Getting xserver patches reviewed

pcpa at pcpa at
Sun Nov 25 19:11:26 PST 2007

Quoting Keith Packard <keithp at>:

> On Sun, 2007-11-25 at 02:37 -0200, pcpa at wrote:
>>   It's biggest problem is that any failure will usually
>> only allow remote access to the computer. And there isn't
>> any way to enter some kind of fallback/failsafe mode
>> without at least a server restart (this may be a cool
>> project to work on).
> Kernel mode setting will help a lot here -- the ability to switch away
> from graphics mode without needing the overt cooperation of the X server
> should make this kind of DoS less possible.

  While I don't like much the idea of moving certain things to the
kernel, maybe this is the natural movement, and there are things
that can only be done in kernel mode. But there is hardware, well, at
least my ATI 9250, that may lock and only work again after a hard reset,
as it will lock the computer shortly if I patch the "locking" busy loop
to stop after a small counter. Maybe it is just the driver that cannot
"fully" reset the card.

>>   A multi threaded X Server isn't mandatory, but for modern
>> cpus, the extra cpu time cost isn't a problem, and frequently
>> negligible, and allowing code to manage/wait the hardware
>> while the server is processing events or whatever would be a
>> "good thing" (other cool project).
> We already have asymmetrical multi-processing -- the CPU queues requests
> to the graphics hardware which executes it asynchronously. Most of the
> time, you should see your system simply waiting for the graphics
> hardware to execute requests. From what I know, graphics hardware today
> is single threaded. So, there's not a huge benefit in multi-threading
> the X server so that many threads can all sit waiting for the single
> threaded hardware.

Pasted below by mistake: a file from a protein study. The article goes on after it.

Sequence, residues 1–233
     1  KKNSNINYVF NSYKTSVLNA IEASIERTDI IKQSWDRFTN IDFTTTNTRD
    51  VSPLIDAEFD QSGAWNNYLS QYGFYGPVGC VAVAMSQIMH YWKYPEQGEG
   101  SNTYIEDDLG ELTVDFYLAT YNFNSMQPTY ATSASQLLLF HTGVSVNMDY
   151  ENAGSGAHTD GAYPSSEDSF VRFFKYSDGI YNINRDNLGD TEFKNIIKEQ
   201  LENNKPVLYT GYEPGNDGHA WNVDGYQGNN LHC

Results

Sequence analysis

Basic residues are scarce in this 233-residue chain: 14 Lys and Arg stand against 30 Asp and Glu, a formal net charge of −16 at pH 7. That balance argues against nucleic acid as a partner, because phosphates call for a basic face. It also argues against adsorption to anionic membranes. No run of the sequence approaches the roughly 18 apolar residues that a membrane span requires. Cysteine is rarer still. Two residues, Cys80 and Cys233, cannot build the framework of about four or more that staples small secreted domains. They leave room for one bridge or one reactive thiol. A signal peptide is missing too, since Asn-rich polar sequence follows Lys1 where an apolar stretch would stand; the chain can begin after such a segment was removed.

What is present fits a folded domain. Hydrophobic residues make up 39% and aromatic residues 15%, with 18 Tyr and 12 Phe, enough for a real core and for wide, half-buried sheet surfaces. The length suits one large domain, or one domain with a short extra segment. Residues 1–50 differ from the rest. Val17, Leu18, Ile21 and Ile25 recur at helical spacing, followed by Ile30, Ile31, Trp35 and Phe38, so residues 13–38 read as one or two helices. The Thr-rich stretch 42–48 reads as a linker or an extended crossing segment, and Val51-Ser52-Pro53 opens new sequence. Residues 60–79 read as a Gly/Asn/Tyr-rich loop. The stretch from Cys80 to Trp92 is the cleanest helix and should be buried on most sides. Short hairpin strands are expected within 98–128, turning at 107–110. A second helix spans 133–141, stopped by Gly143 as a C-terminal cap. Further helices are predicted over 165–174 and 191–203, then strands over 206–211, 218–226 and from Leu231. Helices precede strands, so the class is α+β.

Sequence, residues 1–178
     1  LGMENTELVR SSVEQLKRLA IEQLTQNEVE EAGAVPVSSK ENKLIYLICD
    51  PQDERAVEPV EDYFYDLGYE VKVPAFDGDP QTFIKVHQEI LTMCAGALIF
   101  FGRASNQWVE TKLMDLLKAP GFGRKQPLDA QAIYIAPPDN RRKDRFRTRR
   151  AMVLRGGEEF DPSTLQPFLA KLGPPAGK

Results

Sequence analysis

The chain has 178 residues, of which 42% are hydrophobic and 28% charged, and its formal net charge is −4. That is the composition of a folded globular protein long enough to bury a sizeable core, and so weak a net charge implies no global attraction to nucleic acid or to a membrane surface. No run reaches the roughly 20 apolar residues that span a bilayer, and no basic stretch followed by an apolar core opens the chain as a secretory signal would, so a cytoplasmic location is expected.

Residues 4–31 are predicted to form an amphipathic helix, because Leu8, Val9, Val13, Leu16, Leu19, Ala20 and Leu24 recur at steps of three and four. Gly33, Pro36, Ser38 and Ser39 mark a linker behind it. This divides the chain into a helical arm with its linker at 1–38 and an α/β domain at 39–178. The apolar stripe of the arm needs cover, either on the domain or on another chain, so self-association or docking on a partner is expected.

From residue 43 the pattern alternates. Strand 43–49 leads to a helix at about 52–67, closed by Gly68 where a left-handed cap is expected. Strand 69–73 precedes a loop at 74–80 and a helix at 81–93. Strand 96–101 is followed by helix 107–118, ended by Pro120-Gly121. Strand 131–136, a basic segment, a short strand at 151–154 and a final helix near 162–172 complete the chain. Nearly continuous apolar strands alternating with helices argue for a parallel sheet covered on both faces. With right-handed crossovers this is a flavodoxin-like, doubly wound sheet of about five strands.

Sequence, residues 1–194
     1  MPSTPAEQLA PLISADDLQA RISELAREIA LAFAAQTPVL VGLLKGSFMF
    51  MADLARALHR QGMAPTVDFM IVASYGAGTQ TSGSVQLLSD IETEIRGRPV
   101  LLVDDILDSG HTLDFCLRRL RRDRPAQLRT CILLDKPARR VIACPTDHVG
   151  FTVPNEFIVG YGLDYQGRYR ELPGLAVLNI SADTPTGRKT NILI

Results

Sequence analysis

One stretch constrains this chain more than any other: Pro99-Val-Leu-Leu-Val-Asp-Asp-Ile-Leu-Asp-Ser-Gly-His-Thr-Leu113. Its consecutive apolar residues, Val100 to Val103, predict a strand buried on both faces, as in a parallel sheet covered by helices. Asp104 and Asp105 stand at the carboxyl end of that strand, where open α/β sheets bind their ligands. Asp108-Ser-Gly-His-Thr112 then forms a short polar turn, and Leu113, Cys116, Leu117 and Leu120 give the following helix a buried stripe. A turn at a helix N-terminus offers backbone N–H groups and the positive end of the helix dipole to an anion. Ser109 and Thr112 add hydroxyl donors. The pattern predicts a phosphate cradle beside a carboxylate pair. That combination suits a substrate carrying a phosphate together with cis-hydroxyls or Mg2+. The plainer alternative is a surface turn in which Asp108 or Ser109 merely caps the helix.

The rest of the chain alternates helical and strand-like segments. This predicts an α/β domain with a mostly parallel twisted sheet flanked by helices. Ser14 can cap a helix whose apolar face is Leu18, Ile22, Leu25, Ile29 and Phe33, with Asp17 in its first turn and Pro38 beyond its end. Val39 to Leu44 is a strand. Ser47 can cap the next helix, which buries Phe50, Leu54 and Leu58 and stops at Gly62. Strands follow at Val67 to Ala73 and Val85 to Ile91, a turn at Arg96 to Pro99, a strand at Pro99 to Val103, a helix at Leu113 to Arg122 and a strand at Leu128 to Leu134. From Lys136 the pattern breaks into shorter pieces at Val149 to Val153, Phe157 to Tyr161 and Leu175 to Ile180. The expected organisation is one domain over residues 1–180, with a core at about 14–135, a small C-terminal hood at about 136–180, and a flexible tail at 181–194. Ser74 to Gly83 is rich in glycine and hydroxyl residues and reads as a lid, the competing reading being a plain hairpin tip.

I agree it isn't something that important. Events are already asych
by default with the X library. And threads would somehow let the kernel
scheduler distribute cpu time among processing descriptors and hardware

>>   Nowadays there are fewer needs for something like this, but
>> there should be a way to cancel X requests, but multi threading
>> is an alternate solution. I remember one of my first experiences
>> with XFree86 and doing a wrong call to fill a rectangle of size
>> 65535x65535, software rendering on a 386 with 8M ram...
> You'll still get stuck today, at least on Intel hardware where you
> cannot interrupt the graphics hardware while it operates on a single
> primitives.

  The example is an extreme case (but not hard to achieve if you
let -1 be cast to unsigned :-) and on software rendering, that is
interruptible. An ancient hardware it could take several minutes
to finish.

>>   I find the hardest code to work on is hardware support,
>> because usually documentation isn't easily accessible.
> I'm working on this for Intel hardware (and have managed to release some
> internal hardware specs under NDA to a few people), and I know people at
> AMD who are working on this for their hardware. With luck, at least
> these two platforms will see documentation finally available. Given the
> complexity of graphics hardware, and the speed of mutation, attempting
> to program these systems without documentation is close to impossible.
> This seems to me the single most important issue limiting community
> involvement in the lowest levels of the X environment.

  One problem is that there ins't demand for documentation. If it were
like processors, some decades ago, where people could pretty much only
write assembler programs, things would be different. Maybe the reason
is to allow more freedom on "completely changing things on a new
review", or it is to avoid someone cloning the card, or maybe just so
that competition cannot have easy access to it. Hopefuly this will
change in a not distant future, and "advanced" video chips could be
widely used in a "standard way" for more than gaming, i.e. scientific
applications that needs massive computations, etc; well, visualization
of real time simulations is a reality, for some specific hardware
combinations, but overall still very unstable on open source software.

>>  One
>> interesting project could be software emulation of video
>> chips, to allow easier development and debugging of drivers
>> (not a cool project, hardware vendors would love to
>> know you are reverse enginering theirs products...)
> Having a stable hardware-based environment is really a lot better;
> faster, and it reproduces hardware dependent issues more accurately.

  Agreed. The usefullness would not be worth the huge amount of work,
and would be unlikely to fully emulate. But could be interesting for
ancient hardware that a developer doesn't have access, to make sure
a driver still works.

> --
> keith.packard at


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